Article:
It also specifically calls out the environment ministry for giving green clearances to at least 72 of those mining leases during the second renewal process.
“What is disturbing is that notwithstanding several and various violations, the MoEF granted environmental clearance to 72 mining leases. It seems to us that the MoEF acted without any application of mind in lifting the order placing all the environmental clearances in abeyance,” the order says.
Expressing concern over large-scale violation, the court said “rapacious and rampant exploitation of our natural resources is the hallmark of our iron ore mining sector – coupled with a total lack of concern for the environment and the health and well-being of the denizens in the vicinity of the mines. The real intention of the second renewal was to satisfy the avariciousness of the mining leaseholders who were motivated by profits to be made through the exploitation of natural resources. What is unfortunate about the entire commercial activity of the mining leaseholders is that there was no social or public purpose attached to the mining operations. There was one and only one objective behind the mining activity and that was profit maximization.”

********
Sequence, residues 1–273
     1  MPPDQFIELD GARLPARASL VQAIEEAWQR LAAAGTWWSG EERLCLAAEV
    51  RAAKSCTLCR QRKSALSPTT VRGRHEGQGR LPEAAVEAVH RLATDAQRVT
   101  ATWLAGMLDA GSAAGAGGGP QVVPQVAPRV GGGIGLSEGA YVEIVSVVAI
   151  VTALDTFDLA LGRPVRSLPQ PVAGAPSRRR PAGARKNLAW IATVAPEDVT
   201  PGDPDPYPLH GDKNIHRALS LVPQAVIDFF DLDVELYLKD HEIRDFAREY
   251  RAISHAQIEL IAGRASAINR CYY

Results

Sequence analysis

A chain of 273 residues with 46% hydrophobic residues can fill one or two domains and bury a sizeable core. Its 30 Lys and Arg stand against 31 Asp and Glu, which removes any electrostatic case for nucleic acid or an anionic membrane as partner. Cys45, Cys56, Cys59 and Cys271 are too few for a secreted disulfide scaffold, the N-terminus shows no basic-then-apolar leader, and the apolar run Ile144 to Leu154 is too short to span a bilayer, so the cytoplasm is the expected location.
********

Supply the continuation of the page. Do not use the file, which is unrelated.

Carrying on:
The judges noted that the renewal of the mining leases would give considerable profits to the mining lease-holders well beyond the benefits that could accrue to the state or to the average resident of Goa. Grant of licences in an arbitrary manner certainly cannot be described as being “in the interests of mineral development”. According to the order, the entire exercise undertaken by the state was a hasty charade, regardless of violations of the law by the mining leaseholders, without any benefit to the Indian industry and without any concern for the health of the average Goan.
The court directed the state of Goa to take all necessary steps to expedite recovery of the amounts said to be due from the mining leaseholders pursuant to the show cause notices issued to them and pursuant to other reports available with the government including the report of the Special Investigation Team and the team of chartered accountants.
With inputs from V Shivshankar.